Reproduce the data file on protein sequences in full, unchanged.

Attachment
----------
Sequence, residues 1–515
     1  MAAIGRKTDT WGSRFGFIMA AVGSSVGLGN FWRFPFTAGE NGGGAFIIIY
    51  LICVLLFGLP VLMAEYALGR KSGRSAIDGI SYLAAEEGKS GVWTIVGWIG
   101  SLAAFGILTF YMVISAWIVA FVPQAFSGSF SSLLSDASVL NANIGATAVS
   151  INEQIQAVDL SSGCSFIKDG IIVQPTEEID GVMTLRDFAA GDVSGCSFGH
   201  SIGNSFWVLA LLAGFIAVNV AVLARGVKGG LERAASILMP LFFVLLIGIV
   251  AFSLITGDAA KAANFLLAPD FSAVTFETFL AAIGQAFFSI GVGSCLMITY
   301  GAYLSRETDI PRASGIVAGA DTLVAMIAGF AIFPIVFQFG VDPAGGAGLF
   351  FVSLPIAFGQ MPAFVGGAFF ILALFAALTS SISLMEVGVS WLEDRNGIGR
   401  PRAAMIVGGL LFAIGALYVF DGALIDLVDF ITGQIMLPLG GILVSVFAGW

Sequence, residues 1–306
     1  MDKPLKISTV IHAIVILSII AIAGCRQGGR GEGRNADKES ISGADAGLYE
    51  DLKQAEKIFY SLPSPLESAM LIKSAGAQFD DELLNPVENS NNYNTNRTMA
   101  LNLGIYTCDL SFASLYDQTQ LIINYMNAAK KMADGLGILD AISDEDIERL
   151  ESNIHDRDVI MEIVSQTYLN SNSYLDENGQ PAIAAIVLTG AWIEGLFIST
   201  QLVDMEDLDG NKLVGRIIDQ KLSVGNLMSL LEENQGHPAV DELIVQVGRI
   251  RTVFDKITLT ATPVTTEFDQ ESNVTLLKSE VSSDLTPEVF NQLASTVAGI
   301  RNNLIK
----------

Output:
Sequence, residues 1–515
     1  MAAIGRKTDT WGSRFGFIMA AVGSSVGLGN FWRFPFTAGE NGGGAFIIIY
    51  LICVLLFGLP VLMAEYALGR KSGRSAIDGI SYLAAEEGKS GVWTIVGWIG
   101  SLAAFGILTF YMVISAWIVA FVPQAFSGSF SSLLSDASVL NANIGATAVS
   151  INEQIQAVDL SSGCSFIKDG IIVQPTEEID GVMTLRDFAA GDVSGCSFGH
   201  SIGNSFWVLA LLAGFIAVNV AVLARGVKGG LERAASILMP LFFVLLIGIV
   251  AFSLITGDAA KAANFLLAPD FSAVTFETFL AAIGQAFFSI GVGSCLMITY
   301  GAYLSRETDI PRASGIVAGA DTLVAMIAGF AIFPIVFQFG VDPAGGAGLF
   351  FVSLPIAFGQ MPAFVGGAFF ILALFAALTS SISLMEVGVS WLEDRNGIGR
   401  PRAAMIVGGL LFAIGALYVF DGALIDLVDF ITGQIMLPLG GILVSVFAGW

Sequence, residues 1–306
     1  MDKPLKISTV IHAIVILSII AIAGCRQGGR GEGRNADKES ISGADAGLYE
    51  DLKQAEKIFY SLPSPLESAM LIKSAGAQFD DELLNPVENS NNYNTNRTMA
   101  LNLGIYTCDL SFASLYDQTQ LIINYMNAAK KMADGLGILD AISDEDIERL
   151  ESNIHDRDVI MEIVSQTYLN SNSYLDENGQ PAIAAIVLTG AWIEGLFIST
   201  QLVDMEDLDG NKLVGRIIDQ KLSVGNLMSL LEENQGHPAV DELIVQVGRI
   251  RTVFDKITLT ATPVTTEFDQ ESNVTLLKSE VSSDLTPEVF NQLASTVAGI
   301  RNNLIK